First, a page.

Emanuel has slashed the city budget and is calling for major cuts to pensions for public employees—while a city slush fund totaling hundreds of millions of taxpayer dollars gets poured into useless development projects that reward political donors. He closed fifty-one schools in communities of color while proposing that the city hand over $100 million to DePaul University for a new basketball arena. The implementation of a new transit card system was a disaster. The cards, which are issued by a private contractor, include hidden fees that rip off users; they also initially didn’t even work, causing transit delays and angry commuters.

The mayor’s needlessly confrontational style also led to the Chicago Teachers Union strike—a strike which easily could have been avoided, and which ended up handing him a major political defeat when the strike ended with the teachers winning most of their demands. And then there’s Chicago’s general culture of corruption, which continues unabated under his rule. Emanuel’s promises to make his administration more “transparent” have turned out to be nothing more than punch lines to a bad joke.

All of which brings us to two of the biggest problems that plague the city. One is unemployment. Chicago’s unemployment rate has been stuck in double-digit territory throughout Emanuel’s mayoralty (currently it’s at 9.9 percent). It’s true that the mayor has little control over the economy, so perhaps it’s unfair to attribute blame to Emanuel for Chicago’s high joblessness rate. But his embrace of austerity economics has, in fact, directly led to job loss. The Nation’s Michelle Goldberg recently reported on “The Rise of the Progressive City,” citing examples of populist economist policies being enacted in cities like New York, Atlanta, Seattle, and San Francisco. Chicago is a liberal, union-friendly city in a blue state, but it is heading in the opposite direction.

Gun violence is the other major issue plaguing the city. The problem of violent crime in Chicago has attracted less attention of late, largely because many people believe that the crime rate has dramatically declined. However, as Chicago magazine’s David Bernstein and Noah Isackson reported earlier this month in a stellar piece of investigative journalism, that is not exactly the case. What actually has been going is that Emanuel and company have been essentially cooking the books.

The statistical manipulations are the cover-up, but the real crime is the conditions that created Chicago’s plague of violence in the first place. The Chicago Reporter’s Curtis Black has pointed out that the city’s high murder rate—which is rooted in gang violence committed by the economically disenfranchised—has its roots in the neoliberal economic policies Emanuel has ardently supported throughout his career, such as NAFTA and welfare reform. Black notes that Cook County lost 90,000 manufacturing jobs between 2000 and 2010, more than any county in America except Los Angeles. Black also points out that Emanuel has also been a lifelong supporter of the “war on drugs” and the tough-on-crime policies that have led to devastating economic outcomes for many men of color.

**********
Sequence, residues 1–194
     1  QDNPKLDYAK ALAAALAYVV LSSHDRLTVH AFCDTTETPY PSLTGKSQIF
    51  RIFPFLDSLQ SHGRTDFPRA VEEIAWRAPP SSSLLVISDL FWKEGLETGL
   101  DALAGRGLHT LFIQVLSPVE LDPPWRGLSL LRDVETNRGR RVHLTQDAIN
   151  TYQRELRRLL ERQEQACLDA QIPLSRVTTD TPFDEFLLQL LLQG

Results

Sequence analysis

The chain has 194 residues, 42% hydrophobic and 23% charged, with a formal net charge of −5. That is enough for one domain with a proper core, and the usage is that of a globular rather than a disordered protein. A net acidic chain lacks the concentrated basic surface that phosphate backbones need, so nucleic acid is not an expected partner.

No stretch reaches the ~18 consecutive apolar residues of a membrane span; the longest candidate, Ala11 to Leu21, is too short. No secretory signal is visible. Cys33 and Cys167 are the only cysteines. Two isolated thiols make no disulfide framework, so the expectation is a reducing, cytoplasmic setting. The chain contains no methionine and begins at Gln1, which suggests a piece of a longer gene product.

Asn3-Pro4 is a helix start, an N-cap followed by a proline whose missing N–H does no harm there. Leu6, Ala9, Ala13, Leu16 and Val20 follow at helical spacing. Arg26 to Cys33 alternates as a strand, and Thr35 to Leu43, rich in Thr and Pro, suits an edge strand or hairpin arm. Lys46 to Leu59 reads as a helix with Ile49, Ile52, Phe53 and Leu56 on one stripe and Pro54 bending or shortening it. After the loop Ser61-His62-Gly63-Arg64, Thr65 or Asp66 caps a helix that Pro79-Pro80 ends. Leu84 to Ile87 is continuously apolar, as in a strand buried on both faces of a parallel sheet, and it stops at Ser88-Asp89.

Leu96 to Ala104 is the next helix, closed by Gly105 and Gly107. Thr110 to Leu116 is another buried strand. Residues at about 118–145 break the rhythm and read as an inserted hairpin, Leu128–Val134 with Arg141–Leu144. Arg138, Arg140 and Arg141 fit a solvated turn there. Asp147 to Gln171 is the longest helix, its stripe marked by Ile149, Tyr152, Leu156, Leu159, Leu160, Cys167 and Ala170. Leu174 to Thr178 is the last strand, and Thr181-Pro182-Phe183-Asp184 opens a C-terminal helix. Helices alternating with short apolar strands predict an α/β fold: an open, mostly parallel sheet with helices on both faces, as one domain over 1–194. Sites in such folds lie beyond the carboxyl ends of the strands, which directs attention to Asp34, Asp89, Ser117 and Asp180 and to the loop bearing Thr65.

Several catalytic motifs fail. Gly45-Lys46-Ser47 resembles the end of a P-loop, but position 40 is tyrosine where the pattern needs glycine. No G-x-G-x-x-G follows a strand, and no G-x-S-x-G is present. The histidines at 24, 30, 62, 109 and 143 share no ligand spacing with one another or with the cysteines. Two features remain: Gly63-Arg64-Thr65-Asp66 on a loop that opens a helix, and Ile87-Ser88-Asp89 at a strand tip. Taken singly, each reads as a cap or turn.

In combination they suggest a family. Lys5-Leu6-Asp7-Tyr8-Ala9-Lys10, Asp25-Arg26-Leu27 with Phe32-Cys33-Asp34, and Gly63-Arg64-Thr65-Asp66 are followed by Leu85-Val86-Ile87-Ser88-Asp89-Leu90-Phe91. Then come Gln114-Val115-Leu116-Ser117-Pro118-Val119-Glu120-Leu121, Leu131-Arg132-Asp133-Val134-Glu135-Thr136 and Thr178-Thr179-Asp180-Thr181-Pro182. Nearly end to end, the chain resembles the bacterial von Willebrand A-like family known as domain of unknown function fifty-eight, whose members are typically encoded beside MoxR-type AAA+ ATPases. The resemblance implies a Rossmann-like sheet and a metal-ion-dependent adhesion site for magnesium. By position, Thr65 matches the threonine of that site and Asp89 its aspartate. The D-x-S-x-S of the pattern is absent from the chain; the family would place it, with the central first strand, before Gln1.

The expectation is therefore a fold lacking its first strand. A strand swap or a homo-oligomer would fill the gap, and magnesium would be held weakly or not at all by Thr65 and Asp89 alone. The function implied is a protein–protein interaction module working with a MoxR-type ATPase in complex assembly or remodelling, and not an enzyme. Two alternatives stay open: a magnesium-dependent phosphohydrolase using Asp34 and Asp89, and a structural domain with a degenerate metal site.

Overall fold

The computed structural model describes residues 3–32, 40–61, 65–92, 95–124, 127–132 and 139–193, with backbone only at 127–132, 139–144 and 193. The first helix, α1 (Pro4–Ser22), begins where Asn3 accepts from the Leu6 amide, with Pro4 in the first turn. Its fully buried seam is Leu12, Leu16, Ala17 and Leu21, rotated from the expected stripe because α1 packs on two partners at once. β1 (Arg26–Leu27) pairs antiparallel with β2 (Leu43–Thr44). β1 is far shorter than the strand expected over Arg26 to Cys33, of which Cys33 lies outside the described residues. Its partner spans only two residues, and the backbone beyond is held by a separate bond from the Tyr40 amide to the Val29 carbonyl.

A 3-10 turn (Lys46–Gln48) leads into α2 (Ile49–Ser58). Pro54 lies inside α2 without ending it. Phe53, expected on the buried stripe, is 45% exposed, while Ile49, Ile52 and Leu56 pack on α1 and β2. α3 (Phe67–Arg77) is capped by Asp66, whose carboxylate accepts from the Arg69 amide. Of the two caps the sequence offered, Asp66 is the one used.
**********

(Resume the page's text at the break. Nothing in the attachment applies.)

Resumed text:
Many politicians supported those policies when they were fashionable in the 1990s, but have since changed with the times. But not Rahm Emanuel. One gets the strong impression of a man cryogenically frozen in the year 1995, a man who hasn’t learned a thing since. Take, for example, his recent Washington Post op-ed, which opposes universal pre-K (“Universal mediocrity cannot be our goal,” he writes). Or read this recent Financial Times interview with the man, in which—I kid you not—he blathers on about the virtues of “midnight basketball.”

Most tellingly of all, consider the fact that literally one of his best buddies—a man he vacations with, in fact—is Illinois’s Republican gubernatorial candidate and centimillionaire venture capitalist Bruce Rauner, a Scott Walker type who’s running on a platform of making Illinois a right-to-work state. (Rauner charmingly refers to AFSCME, the public employee union, as “Af-scam-ee.”)

They don’t call Rahm Emanuel “Mayor One Percent” for nothing.